Let me propose a thought experiment. Imagine ten liberals and ten of us. We’re each asked a series of political questions. Our task is not to answer as we ourselves would answer, but instead to guess at what our liberal counterparts will say, and not just as far as conclusions, but also as far as reasoning and assumptions and secondary premises.

    Who do you think would do better at this task– we or they? We would. Because while we are fed a steady litany of liberal assumptions and assertions on a daily basis, a liberal is entirely free to ignore the conservative movement’s beliefs altogether by simply never consuming any conservative media.

    Ace’s theory is superior to Krugman’s, simply by watching liberals. How many times have we heard from Obama, Pelosi, et al saying that their biggest failures were communication — that they simply didn’t explain themselves adequately.

    The underlying assumption is that if they simply spell things out clearly enough, anyone with a lick of common sense will go along with them. It never occurs to them that they did communicate clearly enough. A lot of us heard what they said, understood it — and made a fully informed decision to reject it.

    It’s not just that they don’t understand the principles and philosophies and attitudes behind that rejection. It’s that they either can’t conceive of principled opposition, or can’t bring themselves to admit that it might exist.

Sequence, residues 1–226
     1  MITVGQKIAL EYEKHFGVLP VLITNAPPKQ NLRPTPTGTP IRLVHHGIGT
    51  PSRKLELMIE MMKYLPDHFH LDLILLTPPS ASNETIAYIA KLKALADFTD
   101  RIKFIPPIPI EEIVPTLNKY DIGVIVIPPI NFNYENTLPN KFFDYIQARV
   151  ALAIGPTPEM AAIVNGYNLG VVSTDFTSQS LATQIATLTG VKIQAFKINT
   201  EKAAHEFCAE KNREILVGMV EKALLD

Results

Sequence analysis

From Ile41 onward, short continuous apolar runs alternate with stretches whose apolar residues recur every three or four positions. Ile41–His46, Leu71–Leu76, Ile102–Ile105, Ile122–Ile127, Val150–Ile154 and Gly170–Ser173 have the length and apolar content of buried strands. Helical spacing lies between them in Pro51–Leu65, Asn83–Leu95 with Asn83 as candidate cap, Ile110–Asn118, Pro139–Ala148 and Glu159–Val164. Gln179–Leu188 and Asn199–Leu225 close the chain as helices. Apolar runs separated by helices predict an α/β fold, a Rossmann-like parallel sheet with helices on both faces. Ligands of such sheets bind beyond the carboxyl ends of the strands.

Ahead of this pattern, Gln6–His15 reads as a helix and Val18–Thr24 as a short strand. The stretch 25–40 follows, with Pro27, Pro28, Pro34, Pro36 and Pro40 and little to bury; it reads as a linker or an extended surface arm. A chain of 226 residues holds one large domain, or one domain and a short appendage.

Which is why the “racism” charge is so prevalent. It serves liberals on several fronts. For one, it shifts the argument to somewhere where they feel comfortable, where they can look back in pride on a history of winning. For another, it allows them to dismiss the other side for reasons utterly unrelated to the actual issues being discussed. For a third, it dismisses the arguments themselves as being unworthy of discussing, as they are obviously only cover for racism.

    It used to be a good rule of thumb: conservatives think liberals are stupid, liberals think conservatives are evil. Nowadays, it seems that both sides think the other is both stupid and evil.

    When they’re not being diabolically clever, of course.

    But Krugman is merely riffing on Ace’s observation, inverting it to suit his purpose. And it really doesn’t work for him.

    J.

  6. Jay Tea says:

    Whoops, fair warning: Ace’s piece runs about 3K words. I picked out two key paragraphs, but the whole thing is well worth reading.

    J.

  7. Modulo Myself says:

    <Educated elites on both sides of the aisle understand the basic arguments of the other side and could likely answer objective questions. At the same time, neither will do a good job of articulating the view of the other side, since they tend to hold it in disdain and will thus couch it in the most negative terms possible–usually by violating Boudreaux’ caveat.

    The difference between liberals and conservatives is that liberals try to rebut what is being said about them, while conservatives assume that no liberal can ever be right about a conservative.

    And from what I can tell, very few educated conservatives seem to wish to understand the Ryan Plan. Next year, no doubt, we are going to be treated to the spectacle of educated conservatives giving up trying to understand what happened to the economy, and sinking into the fantasy of blaming government spending and minorities. But, as all educated conservatives will no doubt assure us, pointing this out will be another act of not-getting what the conservatives are really saying.